Beat the new tax increases with these 3 MLPs
A great place to look for rising dividends is among energy master limited partnerships.
Because of new higher tax rates on dividends and capital gains for upper-bracket earners this year, it's more important than ever to choose investments that are worth holding for the long term and that grow their dividends. The best way to offset the negative effects of these new tax hikes is through a rising dividend, which also offers inflation protection and support for the share price.
Consider the example of a stock yielding 5% with a $100 share price and $5 per-share dividend. An increase in the dividend tax rate from 15% to 20% reduces this stock's after-tax income to $4 per share from $4.25 ($5 - 20% = $4). But if the stock also grows its dividend by a 5% annual rate, then income quickly rises despite the tax hike. Within five years, this stock will be paying a $6.38 per-share dividend that yields after-tax income of $5.11. That's considerably more than the $4.25 per share of income collected initially at the 15% tax rate.
Growth in $5 dividend climbing 5% a year
The strength of MLP dividends became apparent during the recession when household names such as General Electric (GE) and Pfizer (PFE) were forced to cut dividends. In contrast, most MLPs maintained payouts during the downturn, even as energy prices collapsed. MLPs that own midstream assets such as pipelines are especially resilient since their mostly fee-based income is largely insulated from energy price changes.
Similar to real estate investment trusts, MLPs are required to pay at least 90% of their income as distributions to their limited partners, the unitholders. These payments are only taxable when the units are sold (ownership in an MLP is in "units" rather than shares). This is why investors should buy and hold the units for long periods or even through retirement, when retirees typically move to a lower tax bracket.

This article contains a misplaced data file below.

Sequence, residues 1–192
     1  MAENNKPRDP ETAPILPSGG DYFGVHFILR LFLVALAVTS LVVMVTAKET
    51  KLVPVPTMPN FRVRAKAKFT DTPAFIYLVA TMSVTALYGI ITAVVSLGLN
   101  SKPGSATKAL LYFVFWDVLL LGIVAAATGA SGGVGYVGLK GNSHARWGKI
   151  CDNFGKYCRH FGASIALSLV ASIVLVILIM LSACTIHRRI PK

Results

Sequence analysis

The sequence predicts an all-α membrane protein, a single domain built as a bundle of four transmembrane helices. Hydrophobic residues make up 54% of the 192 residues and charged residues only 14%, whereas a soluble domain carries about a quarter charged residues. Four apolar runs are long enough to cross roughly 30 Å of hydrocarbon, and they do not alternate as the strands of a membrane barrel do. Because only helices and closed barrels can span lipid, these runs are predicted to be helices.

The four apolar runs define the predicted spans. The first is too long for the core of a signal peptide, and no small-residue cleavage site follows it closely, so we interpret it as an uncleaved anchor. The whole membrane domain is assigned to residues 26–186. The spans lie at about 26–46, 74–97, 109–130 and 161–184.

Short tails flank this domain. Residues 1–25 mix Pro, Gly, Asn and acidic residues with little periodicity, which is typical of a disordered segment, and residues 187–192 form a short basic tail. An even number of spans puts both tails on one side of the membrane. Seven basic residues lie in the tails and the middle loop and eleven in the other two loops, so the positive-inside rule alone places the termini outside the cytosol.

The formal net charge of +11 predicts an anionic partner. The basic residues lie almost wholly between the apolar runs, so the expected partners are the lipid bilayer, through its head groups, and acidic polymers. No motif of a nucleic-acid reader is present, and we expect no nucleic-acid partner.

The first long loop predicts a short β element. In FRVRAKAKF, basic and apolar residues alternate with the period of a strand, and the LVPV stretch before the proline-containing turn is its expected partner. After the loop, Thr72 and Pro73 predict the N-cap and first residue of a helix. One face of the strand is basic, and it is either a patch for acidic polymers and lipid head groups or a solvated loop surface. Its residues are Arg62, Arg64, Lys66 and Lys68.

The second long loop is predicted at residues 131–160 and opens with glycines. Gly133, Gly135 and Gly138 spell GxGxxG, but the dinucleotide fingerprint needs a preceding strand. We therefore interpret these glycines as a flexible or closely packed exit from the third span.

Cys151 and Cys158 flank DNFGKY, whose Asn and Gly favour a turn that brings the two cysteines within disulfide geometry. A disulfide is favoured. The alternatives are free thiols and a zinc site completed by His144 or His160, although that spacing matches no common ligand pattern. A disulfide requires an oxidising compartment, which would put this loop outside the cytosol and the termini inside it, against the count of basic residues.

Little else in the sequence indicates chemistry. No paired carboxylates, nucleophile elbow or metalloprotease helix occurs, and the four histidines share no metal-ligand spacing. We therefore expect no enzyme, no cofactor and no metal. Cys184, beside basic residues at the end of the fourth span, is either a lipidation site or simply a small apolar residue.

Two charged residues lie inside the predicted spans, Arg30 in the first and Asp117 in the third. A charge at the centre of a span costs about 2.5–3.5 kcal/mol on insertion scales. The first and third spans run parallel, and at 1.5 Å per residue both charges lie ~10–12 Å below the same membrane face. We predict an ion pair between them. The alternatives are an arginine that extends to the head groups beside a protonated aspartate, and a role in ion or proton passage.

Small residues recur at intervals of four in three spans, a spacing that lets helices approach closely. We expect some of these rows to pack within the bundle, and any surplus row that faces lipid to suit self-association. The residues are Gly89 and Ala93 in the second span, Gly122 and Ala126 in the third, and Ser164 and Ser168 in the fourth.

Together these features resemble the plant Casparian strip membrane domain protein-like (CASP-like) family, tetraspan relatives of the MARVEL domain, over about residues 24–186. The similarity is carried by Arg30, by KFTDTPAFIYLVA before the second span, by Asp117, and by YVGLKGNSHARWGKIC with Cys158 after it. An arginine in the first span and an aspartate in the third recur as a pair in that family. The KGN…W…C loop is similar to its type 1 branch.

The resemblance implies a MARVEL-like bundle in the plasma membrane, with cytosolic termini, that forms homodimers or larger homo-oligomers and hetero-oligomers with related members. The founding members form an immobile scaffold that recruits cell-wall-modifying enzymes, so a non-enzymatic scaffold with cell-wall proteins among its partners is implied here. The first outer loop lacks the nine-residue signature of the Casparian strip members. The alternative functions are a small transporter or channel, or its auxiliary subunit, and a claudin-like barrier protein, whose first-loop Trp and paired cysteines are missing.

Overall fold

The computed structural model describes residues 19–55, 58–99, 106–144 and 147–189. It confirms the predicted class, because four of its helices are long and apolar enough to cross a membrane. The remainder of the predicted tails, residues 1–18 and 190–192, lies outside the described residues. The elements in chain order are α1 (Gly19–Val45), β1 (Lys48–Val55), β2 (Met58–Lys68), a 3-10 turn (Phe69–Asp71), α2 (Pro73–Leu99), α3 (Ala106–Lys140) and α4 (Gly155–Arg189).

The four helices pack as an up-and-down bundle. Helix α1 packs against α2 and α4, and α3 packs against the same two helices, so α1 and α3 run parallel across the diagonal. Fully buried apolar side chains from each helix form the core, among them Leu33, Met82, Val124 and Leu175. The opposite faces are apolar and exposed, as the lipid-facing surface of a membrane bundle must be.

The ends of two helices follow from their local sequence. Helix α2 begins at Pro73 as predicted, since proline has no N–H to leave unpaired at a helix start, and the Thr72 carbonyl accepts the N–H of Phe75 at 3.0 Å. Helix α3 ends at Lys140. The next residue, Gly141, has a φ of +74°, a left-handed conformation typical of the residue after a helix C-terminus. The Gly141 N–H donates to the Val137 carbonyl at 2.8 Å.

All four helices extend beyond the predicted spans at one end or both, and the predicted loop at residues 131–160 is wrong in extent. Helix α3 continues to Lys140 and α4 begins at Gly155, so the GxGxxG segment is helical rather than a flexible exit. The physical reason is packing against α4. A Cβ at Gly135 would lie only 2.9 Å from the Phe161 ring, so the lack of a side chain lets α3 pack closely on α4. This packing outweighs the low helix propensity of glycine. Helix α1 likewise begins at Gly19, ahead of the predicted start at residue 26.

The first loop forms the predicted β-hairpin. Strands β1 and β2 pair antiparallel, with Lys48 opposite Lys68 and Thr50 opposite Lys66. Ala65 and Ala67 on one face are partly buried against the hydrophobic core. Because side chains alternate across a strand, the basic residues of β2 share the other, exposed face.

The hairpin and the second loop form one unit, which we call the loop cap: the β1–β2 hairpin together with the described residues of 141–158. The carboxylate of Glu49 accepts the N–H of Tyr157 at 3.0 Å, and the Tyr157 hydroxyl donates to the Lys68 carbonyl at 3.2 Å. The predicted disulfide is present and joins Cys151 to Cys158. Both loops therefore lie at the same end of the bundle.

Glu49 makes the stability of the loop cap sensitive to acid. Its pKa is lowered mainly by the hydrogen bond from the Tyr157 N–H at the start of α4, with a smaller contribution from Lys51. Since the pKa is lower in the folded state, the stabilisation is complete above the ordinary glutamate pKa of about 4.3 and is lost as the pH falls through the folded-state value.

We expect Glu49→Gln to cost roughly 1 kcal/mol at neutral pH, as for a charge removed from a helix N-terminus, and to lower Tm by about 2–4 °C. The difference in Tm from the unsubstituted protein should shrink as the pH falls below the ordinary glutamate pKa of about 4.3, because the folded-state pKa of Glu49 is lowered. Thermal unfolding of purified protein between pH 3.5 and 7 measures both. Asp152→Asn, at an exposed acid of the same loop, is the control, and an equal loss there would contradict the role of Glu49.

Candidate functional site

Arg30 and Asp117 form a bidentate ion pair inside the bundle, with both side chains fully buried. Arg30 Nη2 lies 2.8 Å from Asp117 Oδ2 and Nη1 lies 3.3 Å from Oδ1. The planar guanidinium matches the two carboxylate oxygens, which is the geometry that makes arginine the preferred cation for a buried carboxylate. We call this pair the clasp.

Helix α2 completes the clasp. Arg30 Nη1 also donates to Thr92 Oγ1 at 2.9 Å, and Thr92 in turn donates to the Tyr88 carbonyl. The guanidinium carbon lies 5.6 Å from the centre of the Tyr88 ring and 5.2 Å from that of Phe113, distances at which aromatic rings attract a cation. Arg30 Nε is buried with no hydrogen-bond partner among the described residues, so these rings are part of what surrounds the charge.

To pick the best MLPs for a buy-and-hold strategy, I focused on companies that have strong operating performance, consistent distribution growth and solid distribution coverage. Taking into account the new higher dividend tax rate, I gave distribution growth a larger weighting than the current yield.
These three MLPs measured up on all three fronts, making them great stocks for retirement. You can buy the shares today and expect to collect a rising distribution in the future.
1. Oneok Partners LP
Oneok Partners (OSK) owns major natural gas liquids (NGL) pipelines that connect producers in the mid-continent and Rocky Mountain regions with end-markets in other regions. The company's pipelines carry nearly one-fifth of the gas exported from Canada to the United States.
New pipeline projects that came online last year fueled a 27% year-over-year rise in Oneok's earnings per unit to $2.38 during the first nine months of 2012. EBITDA -- earnings before interest, taxes, depreciation, and amortization, a key cash flow metric for MLPs -- improved 16% to $979.3 million in the first three quarters of 2013 from $842.1 million a year earlier.
Oneok has another $4.2 billion of expansion projects planned through 2014, including pipelines serving the Bakken Shale, and Canadian Woodford and Granite Wash energy plays, which can drive future gains. In addition, Oneok has a $2 billion backlog of announced natural gas and NGL infrastructure projects.
This MLP has increased distributions 6% a year for five years and 20% since 2011. At present, Oneok pays an annual distribution of $2.74 a unit, yielding almost 5%. Cash flow coverage of the distribution is solid at 145%. Oneok aims to grow distributions 10%-15% a year and EBITDA 17%-21% annually through 2015.
2. Magellan Midstream Partners LP
Magellan Midstream Partners (MMP) owns the longest refined petroleum pipeline in the United States, with access to more than 40% of the nation's refining capacity. The company owns more than 9,600 miles of pipeline, 50 terminals and 80 million barrels of petroleum storage capacity.
Magellan's growth will come from $1.3 billion of new investments in crude oil pipelines, particularly in the Permian Basin, where it's just beginning to tap into the Permian crude oil boom. The company's Permian assets are slated to become operational in mid-2013.
During the trailing 12 months ended in September 2012, Magellan's earnings improved 29% to $392 million from a year earlier, while EBITDA rose 11% to $599 million from $540 million in the same period. Per-unit distributable cash flow was $2.17 and provided more than 130% distribution coverage.